- © 2013 by the Seismological Society of America
Online Material: Additional point‐source mechanisms for mainshock/aftershocks listed in table 2; snapshots, movie of bodywave finite‐fault model; additional information on source modeling.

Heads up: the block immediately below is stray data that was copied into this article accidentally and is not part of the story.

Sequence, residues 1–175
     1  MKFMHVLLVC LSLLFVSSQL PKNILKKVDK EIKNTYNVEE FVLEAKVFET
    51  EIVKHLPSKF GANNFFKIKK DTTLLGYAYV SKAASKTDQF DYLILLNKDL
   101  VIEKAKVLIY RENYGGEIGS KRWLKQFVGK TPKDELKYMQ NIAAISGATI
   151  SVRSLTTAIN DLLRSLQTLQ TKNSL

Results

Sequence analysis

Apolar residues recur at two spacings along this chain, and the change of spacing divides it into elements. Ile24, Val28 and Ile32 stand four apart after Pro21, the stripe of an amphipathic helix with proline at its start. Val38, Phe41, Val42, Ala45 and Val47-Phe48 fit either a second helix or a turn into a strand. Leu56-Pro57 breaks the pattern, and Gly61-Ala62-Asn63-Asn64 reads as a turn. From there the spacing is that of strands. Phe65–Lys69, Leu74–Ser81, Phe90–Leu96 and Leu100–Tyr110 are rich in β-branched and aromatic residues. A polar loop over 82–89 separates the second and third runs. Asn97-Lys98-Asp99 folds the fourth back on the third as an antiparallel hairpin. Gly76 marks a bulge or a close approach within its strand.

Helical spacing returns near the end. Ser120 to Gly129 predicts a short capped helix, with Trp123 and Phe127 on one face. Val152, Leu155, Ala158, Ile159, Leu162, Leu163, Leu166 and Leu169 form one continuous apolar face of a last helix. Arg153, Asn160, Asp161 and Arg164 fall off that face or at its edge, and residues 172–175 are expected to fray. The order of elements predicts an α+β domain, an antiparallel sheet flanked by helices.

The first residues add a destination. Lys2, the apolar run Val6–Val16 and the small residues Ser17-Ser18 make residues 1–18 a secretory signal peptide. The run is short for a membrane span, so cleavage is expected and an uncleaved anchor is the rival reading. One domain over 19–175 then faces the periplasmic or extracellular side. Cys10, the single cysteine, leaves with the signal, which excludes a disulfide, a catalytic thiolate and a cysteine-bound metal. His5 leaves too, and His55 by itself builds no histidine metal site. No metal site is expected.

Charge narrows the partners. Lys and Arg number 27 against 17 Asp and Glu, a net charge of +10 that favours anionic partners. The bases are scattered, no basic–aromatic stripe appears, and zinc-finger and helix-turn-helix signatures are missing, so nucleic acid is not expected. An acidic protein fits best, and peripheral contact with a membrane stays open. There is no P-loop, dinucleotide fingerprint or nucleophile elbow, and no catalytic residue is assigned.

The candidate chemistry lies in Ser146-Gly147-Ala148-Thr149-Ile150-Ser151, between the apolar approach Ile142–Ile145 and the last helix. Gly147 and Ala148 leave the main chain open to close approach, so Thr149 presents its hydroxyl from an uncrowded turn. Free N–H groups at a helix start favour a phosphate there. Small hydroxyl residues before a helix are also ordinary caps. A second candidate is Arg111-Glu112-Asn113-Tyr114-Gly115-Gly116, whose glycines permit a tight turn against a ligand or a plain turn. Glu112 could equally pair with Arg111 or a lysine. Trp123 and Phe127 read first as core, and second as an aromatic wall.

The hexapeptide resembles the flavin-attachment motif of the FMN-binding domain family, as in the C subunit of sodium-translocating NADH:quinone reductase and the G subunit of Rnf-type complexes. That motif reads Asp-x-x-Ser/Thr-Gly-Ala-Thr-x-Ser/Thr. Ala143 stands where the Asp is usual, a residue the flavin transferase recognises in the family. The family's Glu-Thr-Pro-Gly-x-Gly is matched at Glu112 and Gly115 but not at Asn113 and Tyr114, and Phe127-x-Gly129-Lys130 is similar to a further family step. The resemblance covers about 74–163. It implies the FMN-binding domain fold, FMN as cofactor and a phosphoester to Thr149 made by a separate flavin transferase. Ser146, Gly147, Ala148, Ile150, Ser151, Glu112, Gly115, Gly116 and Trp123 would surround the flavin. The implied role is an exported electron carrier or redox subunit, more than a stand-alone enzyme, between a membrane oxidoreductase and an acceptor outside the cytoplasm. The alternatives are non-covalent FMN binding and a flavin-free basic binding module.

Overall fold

A large Mw 7.1 earthquake struck the area north of the city of Van in easternmost Turkey on 23 October 2011. The mainshock epicenter and most of the aftershocks were located south of the eastern arm of Lake Van (Fig. 1), and extensive damage was reported in the city of Van, the city of Erciş, and many smaller towns nearby. The Lake Van region has suffered from a large number of historical earthquakes, with many causing significant damage in the last 2000 years (Table 1; Ergin et al., 1967; Ambraseys and Jackson, 1998; Albini et al., 2012). The region is near the center of the elevated Turkish–Iranian Plateau (also called the Anatolian Plateau) in the collision zone between the Arabian and Eurasian plates, and is well to the east of the escape tectonics exhibited along the major strike‐slip North Anatolian and East Anatolian faults (e.g., Jackson and McKenzie, 1984; Taymaz et al., 1991, 2007; Yolsal‐Çevikbilen et al., 2012). The plateau has an average elevation around 2000 m (Copley and Jackson, 2006; Tan and Taymaz, 2006; Podgorski et al., 2007), and Lake Van has an elevation of about 1650 m above sea level. The Moho depth in the Van area, inferred from receiver‐function and surface‐wave analysis, is approximately 43 km, in the middle of a Moho gradient from about 40 km in the south to 50 km under the Pontides Mountains at the northern edge of the plateau (Gök et al., 2011; Vanacore et al., 2013). There are many Quaternary mafic volcanoes in the area (Fig. 1), which likely result from elevated temperatures in the upper mantle and possible delamination of part of the subducted …